• Within Dinosaur, Split Mountain and Green River campgrounds are developed. These fee sites can accommodate most recreational vehicles, but there are no hookups or sanitary dump stations. Drinking water, flush toilets, tables, and fireplaces are offered, and firewood can be bought at both.
  • Primitive campgrounds are located at Echo Park, Gates of Lodore, Deerlodge, and Rainbow Park. Drinking water is available at Echo Park and Lodore. Sites offer pit toilets, tables, and fireplaces. Vehicle-based camping is limited to these designated campgrounds.
  • Backcountry campsites at Ely Creek in Jones Hole may be reserved at the Quarry or by phone (801/789-2115). Backpackers may camp in areas that are at least a quarter-mile off any established road or trail.
  • The visitor center, 2 miles east of Dinosaur, offers exhibits and a short slide orientation to the park. It’s open daily in the summer and weekdays only in winter.
  • Dinosaur Quarry, 7 miles north of Jensen, UT, is the only place in the park to see dinosaur bones. It is open every day of the year except January 1, Thanksgiving, and December 25. Because of limited parking space at the Quarry, a shuttlebus operates daily in summer from the main parking area. During the rest of the year you may drive in directly.

Parking:

Contact park office for information.

Permits:

A free permit is required of backcountry campers and boaters.

Echo Park, Green River, Split Mountain, and Gates of Lodore are fee campsites. Fees range from $5 to $10 per site per night, except fall through spring when water is turned off due to freezing temperatures and there is no charge. Split Mountain ~ a group site ~ is $20 per night and requires reservations (801/789-8277).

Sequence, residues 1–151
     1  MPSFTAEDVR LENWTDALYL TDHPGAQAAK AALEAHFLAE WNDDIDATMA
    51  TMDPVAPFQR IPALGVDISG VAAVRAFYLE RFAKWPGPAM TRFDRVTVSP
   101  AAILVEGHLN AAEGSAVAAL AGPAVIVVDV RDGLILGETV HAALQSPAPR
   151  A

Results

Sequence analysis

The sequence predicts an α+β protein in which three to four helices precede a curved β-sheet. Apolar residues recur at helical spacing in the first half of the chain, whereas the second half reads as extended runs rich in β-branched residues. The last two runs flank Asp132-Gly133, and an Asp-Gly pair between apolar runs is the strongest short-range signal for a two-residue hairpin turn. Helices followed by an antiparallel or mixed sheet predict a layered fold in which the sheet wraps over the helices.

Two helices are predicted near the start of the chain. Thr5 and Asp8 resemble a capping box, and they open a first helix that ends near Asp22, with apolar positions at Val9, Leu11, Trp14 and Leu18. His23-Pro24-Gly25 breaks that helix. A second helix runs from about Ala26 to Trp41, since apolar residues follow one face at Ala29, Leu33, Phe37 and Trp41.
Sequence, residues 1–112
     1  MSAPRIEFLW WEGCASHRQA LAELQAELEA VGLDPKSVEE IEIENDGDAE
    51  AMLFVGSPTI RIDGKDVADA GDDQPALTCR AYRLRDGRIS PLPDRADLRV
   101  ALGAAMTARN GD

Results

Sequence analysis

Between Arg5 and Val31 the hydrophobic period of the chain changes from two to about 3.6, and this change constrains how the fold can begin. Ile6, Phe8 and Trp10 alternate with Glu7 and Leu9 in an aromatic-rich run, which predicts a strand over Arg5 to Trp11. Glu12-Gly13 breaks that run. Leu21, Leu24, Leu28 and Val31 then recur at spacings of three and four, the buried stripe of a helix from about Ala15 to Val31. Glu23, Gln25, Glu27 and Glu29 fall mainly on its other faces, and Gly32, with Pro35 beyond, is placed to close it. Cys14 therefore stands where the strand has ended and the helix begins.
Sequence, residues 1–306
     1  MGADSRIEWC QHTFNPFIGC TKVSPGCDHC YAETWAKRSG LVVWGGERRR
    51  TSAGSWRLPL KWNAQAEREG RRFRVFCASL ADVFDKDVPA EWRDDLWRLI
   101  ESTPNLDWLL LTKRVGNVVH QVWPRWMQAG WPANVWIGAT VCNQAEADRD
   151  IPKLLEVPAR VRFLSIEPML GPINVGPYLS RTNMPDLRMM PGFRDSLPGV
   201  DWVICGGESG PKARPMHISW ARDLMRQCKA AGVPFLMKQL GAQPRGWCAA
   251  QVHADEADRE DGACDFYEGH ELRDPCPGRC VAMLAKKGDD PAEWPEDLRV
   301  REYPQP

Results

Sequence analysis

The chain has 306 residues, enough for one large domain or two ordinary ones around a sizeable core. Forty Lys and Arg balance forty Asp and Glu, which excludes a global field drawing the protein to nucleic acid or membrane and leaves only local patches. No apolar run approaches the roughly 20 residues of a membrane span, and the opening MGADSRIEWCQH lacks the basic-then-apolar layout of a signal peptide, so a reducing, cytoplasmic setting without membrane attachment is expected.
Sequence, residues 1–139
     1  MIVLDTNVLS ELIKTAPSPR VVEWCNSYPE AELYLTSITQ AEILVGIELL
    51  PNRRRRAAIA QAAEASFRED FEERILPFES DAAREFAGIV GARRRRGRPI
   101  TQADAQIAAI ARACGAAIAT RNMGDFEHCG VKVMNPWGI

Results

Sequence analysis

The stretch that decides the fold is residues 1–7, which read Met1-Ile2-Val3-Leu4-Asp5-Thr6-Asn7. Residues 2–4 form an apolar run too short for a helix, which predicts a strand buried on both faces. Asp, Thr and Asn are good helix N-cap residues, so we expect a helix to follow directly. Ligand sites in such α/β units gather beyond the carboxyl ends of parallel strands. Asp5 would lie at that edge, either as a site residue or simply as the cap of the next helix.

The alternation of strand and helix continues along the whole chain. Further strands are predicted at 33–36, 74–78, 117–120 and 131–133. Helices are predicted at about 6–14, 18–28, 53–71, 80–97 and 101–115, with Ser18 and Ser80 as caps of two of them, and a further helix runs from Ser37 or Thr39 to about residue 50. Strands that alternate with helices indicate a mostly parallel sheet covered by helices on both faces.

Policies:

  • Camp only at designated sites. There is a maximum of eight people per campsite. ~ Campfires may be built only in fire pits or grate boxes. Wood, dead or alive, may not be gathered.
  • Keep pets on a leash; they are not allowed in public buildings, with hikers, and on the rivers.
  • No off-road driving.
  • Hunting is prohibited.

Hazards:

  • Swimming in the rivers is not recommended because of the hazards of cold water and strong currents.
  • Flash floods may occur in side canyons during rainstorms. Echo Park road is impassable after rain.
  • This is a desert, so carry plenty of water.

Leave No Trace:

Camp stoves are recommended. ~ Nearly 2,000 acres of non-federal public land is nestled within the Monument. Respect private property. ~ Don’t tread on microbiotic crust (cryptogamic soil).

All LNT guidelines apply.

Maps:

Use USGS County series, 1:50,000; sheets 1 and 5 (of 7) for Moffat County, CO. Also helpful in getting to know the area is Echo Park: Struggle for Preservation.

The Dinosaur Nature Association (800/845-DINO) offers many publications.

Other Trip Options:

  • There are many scenic drives in Dinosaur, including Cub Creek Road, Harpers Corner Scenic Drive, Yampa Bench Road, and Island Park Road. They range from one hour to half a day, but be sure to find out what roads require special types of vehicles.
  • If you want to stay on the trails, try the High Uintas Wilderness (801/722-5018).
  • Or visit Flaming Gorge National Recreation Area (801/784-3445), with over 100 miles of trails.